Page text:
from The American Heritage® Dictionary of the English Language, 4th Edition
- n. Chiefly British One who goes on vacation.
from Wiktionary, Creative Commons Attribution/Share-Alike License
- n. someone who is on holiday
from WordNet 3.0 Copyright 2006 by Princeton University. All rights reserved.
- n. someone who travels for pleasure
Sorry, no etymologies found.
David Swann, a currency strategist at Travelex, says that, at a typical bureau de change, a holidaymaker exchanging £500 would have got A$1,250 at the start of the last Ashes season down under, compared with just A$805 today.
A tourist in a dinghy dragged the man on board and brought him ashore and another holidaymaker then tried to save his life, according to a report in the Daily Mail.
The mother of the young Greek accused of murdering a British holidaymaker on the Ionian island of Zante Zakynthos said she was driven by only one desire – to comfort the murdered teenager's mother.
Waihi Beach holidaymaker Jan Jerram said there were at least two containers bobbing in the waves, with one split open and what looked like bags of milk powder washing ashore.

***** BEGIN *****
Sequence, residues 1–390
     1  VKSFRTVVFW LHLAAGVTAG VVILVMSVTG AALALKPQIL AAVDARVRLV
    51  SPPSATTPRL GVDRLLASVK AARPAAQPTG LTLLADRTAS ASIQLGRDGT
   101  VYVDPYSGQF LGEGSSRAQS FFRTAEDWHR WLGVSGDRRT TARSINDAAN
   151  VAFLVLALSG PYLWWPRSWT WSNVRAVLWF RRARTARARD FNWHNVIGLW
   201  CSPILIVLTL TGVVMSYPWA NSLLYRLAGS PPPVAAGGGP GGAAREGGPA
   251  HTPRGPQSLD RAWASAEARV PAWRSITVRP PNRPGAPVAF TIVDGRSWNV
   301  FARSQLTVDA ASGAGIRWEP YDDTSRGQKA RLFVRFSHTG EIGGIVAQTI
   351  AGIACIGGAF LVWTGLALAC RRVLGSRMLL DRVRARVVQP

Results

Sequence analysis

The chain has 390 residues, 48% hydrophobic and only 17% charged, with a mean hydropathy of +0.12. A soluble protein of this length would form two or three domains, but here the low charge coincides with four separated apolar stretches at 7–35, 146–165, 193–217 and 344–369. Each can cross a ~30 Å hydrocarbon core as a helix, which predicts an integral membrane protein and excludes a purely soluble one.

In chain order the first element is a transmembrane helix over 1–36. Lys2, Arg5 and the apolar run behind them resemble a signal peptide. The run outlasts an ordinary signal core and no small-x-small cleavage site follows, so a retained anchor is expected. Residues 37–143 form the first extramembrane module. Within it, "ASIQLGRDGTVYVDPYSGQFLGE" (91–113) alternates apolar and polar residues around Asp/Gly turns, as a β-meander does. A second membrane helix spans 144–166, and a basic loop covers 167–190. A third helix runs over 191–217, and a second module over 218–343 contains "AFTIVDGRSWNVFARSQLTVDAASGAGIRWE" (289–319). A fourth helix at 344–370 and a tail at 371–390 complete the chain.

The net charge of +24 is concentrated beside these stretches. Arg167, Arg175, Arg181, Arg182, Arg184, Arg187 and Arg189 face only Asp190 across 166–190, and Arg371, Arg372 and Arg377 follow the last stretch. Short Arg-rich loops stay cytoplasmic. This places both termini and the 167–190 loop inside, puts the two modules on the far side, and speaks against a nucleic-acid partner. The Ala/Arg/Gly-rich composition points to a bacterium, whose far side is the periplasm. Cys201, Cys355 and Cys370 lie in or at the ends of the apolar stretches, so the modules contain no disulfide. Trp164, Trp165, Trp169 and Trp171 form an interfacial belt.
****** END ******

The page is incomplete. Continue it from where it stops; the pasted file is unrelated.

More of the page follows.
It's a "party town": bum-skimming skirts, plunging tops and vertiginous heels are standard uniform for every female holidaymaker.
"We can confirm that the woman holidaymaker driving the Peugeot managed to escape from the car and is now receiving medical attention – but tragically four other occupants of that car have been killed," the police spokesman said.
He was found with two gunshot wounds to the head by a holidaymaker, Peter Noble, who dialled 999.
The "guests", FBC, DIRTY STRAGGLER and whomsoever is available are doing whatever the late capon bourgeoisie do at a gathering for a holidaymaker mealtime: Greeting those they haversack't met in a few monthlies, looking at or taking photographers and unconsciously "consenting to exist" as a Romanian would say.
And then there's the pub, all brown and homely inside, but with seats outside where you can watch the activity on the water as the boats dislodge their holidaymaker crews in search of a pie and a pint, and people who look like habitual landlubbers establish their credentials by shouting commands which incorporate such seafarer words as "ahoy".
Its superstructure has never been quite the same since it was dynamited in 1939 to prevent German troops landing, but it still has much to offer the agile holidaymaker.